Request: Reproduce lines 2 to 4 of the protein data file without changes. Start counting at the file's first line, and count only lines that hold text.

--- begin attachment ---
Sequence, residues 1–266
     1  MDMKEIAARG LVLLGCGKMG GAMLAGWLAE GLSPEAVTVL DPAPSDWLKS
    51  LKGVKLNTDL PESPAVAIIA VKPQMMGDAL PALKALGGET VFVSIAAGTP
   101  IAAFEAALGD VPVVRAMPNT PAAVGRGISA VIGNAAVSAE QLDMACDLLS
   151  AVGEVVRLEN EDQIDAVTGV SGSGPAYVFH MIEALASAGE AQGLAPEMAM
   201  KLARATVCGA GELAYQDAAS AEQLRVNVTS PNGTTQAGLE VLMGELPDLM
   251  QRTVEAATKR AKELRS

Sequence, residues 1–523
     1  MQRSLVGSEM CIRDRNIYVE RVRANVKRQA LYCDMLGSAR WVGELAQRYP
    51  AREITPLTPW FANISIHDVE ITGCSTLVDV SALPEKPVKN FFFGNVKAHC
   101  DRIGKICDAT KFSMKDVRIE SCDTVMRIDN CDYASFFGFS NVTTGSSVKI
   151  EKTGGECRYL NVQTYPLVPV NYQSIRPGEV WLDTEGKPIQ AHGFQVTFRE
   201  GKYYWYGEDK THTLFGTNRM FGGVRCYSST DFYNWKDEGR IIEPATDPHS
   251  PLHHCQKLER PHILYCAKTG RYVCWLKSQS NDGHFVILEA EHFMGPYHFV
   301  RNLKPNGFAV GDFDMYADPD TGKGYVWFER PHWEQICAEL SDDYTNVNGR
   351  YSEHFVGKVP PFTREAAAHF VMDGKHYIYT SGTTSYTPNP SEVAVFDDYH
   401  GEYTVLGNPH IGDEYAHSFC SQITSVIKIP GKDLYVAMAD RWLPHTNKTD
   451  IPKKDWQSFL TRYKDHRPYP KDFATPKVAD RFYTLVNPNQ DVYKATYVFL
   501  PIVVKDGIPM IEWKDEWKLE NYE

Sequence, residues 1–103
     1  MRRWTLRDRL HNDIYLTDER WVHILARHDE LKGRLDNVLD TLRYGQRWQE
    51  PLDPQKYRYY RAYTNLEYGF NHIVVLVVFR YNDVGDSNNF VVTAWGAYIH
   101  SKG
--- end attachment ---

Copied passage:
     1  MDMKEIAARG LVLLGCGKMG GAMLAGWLAE GLSPEAVTVL DPAPSDWLKS
    51  LKGVKLNTDL PESPAVAIIA VKPQMMGDAL PALKALGGET VFVSIAAGTP
   101  IAAFEAALGD VPVVRAMPNT PAAVGRGISA VIGNAAVSAE QLDMACDLLS